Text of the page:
FRANKFURT German healthcare group Fresenius (FREG.DE) said on Monday it was buying Spain's biggest private hospital chain, Quironsalud, for 5.76 billion euros ($6.42 billion) including assumed debt, cementing its position as Europe's largest private-sector hospital operator.
Quironsalud, created by the merger of IDC Salud and Grupo Hospitalario Quiron in 2014, expects sales of about 2.5 billion euros in 2016, which will add to the roughly 5.8 billion in projected sales at Fresenius's existing Germany-based hospitals business Helios.
The new boss of Fresenius Stephan Sturm, who in his previous job as head of finance worked on several takeover deals for the diversified healthcare group, signalled last month that large transactions would remain his hallmark.
The German group, with businesses ranging from kidney dialysis and tube feeding equipment to running hospitals, has a history of large takeovers, leaning mainly on debt from lenders who value the group's steady earnings stream that is largely immune to the overall business cycle.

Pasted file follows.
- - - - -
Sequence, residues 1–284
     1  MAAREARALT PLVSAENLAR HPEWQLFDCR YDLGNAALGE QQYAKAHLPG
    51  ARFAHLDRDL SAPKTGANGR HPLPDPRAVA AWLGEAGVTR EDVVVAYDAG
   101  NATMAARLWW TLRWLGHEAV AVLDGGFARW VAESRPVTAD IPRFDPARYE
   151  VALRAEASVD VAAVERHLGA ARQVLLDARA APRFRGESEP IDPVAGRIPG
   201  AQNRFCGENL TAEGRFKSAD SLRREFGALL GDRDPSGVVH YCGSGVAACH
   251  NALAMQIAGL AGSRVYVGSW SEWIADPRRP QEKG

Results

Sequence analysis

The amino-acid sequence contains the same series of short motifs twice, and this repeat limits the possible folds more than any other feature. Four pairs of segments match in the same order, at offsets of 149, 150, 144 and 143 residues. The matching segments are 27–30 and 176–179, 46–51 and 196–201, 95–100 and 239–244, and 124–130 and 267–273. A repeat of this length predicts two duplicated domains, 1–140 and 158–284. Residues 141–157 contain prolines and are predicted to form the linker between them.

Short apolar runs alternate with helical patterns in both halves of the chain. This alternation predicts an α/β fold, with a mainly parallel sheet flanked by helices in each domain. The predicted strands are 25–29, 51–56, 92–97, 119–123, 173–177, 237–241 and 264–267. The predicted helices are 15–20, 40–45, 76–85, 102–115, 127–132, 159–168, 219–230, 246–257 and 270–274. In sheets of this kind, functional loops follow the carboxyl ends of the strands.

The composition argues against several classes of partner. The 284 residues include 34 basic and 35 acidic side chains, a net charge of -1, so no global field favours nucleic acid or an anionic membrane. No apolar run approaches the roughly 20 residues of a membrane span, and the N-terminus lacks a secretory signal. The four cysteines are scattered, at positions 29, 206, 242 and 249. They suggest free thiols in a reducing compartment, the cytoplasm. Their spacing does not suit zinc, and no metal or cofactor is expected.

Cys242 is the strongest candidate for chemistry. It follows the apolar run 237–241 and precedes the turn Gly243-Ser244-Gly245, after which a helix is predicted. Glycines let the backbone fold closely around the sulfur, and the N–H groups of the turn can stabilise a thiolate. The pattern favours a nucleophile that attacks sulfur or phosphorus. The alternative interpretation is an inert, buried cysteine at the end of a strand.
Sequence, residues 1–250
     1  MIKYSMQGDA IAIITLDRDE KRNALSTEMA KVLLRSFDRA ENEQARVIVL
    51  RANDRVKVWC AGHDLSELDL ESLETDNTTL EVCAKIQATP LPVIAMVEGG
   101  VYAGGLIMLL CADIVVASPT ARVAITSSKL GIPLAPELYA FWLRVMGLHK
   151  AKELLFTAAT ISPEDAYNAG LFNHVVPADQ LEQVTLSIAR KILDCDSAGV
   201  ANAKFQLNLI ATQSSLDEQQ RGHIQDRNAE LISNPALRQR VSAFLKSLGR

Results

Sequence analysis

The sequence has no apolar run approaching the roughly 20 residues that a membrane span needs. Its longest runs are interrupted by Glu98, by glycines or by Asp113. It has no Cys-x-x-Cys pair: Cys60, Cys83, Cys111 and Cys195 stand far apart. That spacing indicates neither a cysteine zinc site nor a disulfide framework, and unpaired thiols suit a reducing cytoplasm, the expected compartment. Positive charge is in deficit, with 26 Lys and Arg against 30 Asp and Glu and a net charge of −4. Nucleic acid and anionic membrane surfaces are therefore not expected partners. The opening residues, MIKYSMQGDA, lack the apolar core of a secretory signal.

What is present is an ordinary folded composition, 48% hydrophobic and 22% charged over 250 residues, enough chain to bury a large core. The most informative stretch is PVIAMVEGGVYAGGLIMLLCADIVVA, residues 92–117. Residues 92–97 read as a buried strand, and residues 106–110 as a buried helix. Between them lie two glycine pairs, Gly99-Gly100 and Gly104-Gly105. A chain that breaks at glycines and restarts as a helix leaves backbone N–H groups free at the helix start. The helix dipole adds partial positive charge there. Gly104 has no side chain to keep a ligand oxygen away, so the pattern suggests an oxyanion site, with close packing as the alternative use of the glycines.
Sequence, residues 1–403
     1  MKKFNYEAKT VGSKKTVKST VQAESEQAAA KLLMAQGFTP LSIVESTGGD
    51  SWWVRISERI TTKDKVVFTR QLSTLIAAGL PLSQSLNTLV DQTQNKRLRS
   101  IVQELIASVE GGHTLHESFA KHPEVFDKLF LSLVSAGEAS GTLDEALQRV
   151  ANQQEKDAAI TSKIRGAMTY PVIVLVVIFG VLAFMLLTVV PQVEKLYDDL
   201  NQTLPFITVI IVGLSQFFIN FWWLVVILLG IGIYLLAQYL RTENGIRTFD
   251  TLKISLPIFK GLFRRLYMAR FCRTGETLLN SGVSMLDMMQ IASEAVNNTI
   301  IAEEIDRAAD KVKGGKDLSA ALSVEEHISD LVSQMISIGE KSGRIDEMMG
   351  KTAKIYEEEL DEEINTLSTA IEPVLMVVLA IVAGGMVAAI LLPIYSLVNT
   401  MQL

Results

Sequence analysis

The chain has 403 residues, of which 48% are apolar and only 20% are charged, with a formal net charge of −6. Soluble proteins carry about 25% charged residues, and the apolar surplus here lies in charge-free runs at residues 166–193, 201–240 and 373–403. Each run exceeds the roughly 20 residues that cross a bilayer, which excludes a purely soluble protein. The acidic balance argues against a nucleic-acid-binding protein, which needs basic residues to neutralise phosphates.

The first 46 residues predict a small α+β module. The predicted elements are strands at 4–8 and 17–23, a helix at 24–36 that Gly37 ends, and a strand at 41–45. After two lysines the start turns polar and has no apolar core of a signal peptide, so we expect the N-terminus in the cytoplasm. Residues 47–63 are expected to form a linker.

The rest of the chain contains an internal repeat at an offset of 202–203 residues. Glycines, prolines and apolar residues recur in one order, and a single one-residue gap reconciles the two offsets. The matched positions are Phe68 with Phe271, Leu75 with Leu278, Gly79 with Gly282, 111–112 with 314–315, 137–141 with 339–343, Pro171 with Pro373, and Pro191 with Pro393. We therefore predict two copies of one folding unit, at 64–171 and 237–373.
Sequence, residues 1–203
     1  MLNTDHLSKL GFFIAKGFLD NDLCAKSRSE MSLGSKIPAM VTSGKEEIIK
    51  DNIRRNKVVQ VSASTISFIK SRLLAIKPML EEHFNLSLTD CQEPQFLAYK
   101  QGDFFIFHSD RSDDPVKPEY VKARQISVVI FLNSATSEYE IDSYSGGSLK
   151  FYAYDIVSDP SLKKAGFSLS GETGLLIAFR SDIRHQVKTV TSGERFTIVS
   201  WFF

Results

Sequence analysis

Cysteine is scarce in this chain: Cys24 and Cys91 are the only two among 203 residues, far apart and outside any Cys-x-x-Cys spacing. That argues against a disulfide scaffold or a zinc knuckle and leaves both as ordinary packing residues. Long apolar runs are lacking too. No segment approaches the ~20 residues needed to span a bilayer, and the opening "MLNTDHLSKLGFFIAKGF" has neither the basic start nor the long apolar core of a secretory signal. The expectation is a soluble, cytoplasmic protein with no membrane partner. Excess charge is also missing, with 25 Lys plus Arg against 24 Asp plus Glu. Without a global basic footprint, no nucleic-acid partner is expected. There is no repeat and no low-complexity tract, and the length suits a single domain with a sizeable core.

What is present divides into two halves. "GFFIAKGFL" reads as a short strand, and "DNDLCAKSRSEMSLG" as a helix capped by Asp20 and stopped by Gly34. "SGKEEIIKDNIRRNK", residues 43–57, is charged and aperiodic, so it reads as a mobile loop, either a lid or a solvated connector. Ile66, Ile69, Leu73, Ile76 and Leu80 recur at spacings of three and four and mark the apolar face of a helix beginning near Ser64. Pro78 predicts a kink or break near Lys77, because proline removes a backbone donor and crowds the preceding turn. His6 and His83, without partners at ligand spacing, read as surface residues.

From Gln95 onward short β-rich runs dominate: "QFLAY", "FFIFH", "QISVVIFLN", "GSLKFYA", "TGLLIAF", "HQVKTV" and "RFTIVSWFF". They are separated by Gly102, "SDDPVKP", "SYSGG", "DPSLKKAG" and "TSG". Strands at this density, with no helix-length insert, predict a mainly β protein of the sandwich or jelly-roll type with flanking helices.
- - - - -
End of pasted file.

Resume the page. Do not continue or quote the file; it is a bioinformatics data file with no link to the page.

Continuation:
Quironsalud, which runs hospitals and outpatient centres in cities such as Madrid and Barcelona, is being sold by buyout firm CVC Capital Partners and by members of the group's management board.
Fresenius will issue 400 million euros worth of new shares to Quironsalud CEO and founder Victor Madera, who will remain in charge of the business and also play a role in the combined group. The remainder of the takeover price will be debt-financed, Fresenius said in a statement.
Sources told Reuters in June that Fresenius placed a bid for U.S. drugmaker Pfizer's (PFE.N) infusion pumps business in a possible deal worth close to $1.5 billion but no agreement has emerged.
It acquired injectable generic drugs maker APP for $3.7 billion in 2008, and in recent years 3 billion euros worth of hospitals from Rhoen Klinikum (RHKG.DE) and blood collection equipment company Fenwal for more than $1 billion.
Over the medium-term, the deal in Spain is expected to lead to pre-tax synergies of approximately 50 million euros per year without meaningful implementation expenses, Fresenius said, adding that the transaction would top up earnings per share considerably in 2017.
(Reporting by Ludwig Burger; Editing by Harro ten Wolde and Tom Brown)